The beginning of the edit process. We read through the whole manuscript and evaluate all major aspects of a story, as it pertains to the whole of the piece.

The Focus:

This is a general content edit that addresses the bigger-picture concepts of the manuscript. An editorial assessment focuses on plot and structure, setting and description, voice and style, narrative pacing and transitions, and other conceptual details.

The Return:

At the end of the collaboration, you’ll receive an annotated manuscript with comments or highlights every 5-7 pages and an editorial review of at least 10 pages in length.

An annotated manuscript is a markup of the literature you provide. It usually includes comments in the margins and highlighted lines and sections, which can be evaluated using the key provided.

An editorial review is a written review that expresses primary and secondary strengths, primary and secondary concerns, questions, next steps, a key for the symbolism used to mark the manuscript, and a note to the author.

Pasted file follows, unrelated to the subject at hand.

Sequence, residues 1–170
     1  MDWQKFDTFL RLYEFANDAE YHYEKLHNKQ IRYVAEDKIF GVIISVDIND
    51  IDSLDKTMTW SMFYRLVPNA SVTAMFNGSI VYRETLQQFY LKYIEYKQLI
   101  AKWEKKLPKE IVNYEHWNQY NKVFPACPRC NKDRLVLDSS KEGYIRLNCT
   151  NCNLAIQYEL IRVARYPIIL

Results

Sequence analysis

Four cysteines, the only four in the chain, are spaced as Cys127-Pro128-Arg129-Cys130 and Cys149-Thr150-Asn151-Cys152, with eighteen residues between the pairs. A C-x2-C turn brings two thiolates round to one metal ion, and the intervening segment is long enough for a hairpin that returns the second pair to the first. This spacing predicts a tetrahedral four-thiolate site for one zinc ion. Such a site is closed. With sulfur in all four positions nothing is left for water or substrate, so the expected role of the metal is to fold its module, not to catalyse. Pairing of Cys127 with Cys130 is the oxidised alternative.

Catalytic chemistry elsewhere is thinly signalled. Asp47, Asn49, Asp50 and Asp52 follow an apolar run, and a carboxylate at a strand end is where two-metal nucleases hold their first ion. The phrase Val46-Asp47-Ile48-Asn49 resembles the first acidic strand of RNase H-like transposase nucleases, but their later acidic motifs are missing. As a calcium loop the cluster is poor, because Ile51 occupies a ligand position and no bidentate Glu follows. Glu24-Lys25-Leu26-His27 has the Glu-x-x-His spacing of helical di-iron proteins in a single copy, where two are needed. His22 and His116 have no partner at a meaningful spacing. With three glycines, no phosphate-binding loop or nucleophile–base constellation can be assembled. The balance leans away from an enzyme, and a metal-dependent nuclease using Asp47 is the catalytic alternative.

In an editorial assessment, the bulk of the attention and commentary is found in the editorial review.

The Timeline:

An editorial assessment usually takes about 2 weeks to complete, depending on the length and maturity of the manuscript.

An editorial assessment is usually the first edit a manuscript will go through. It’s followed, most often, by a developmental edit. Though in some cases, if an author chooses to drastically revise the book’s content, a second editorial assessment may be necessary.

“Editorial Assessments are my favorite because it’s a fresh beginning–often nerve-wracking and scary but thrilling too.”

-Ashley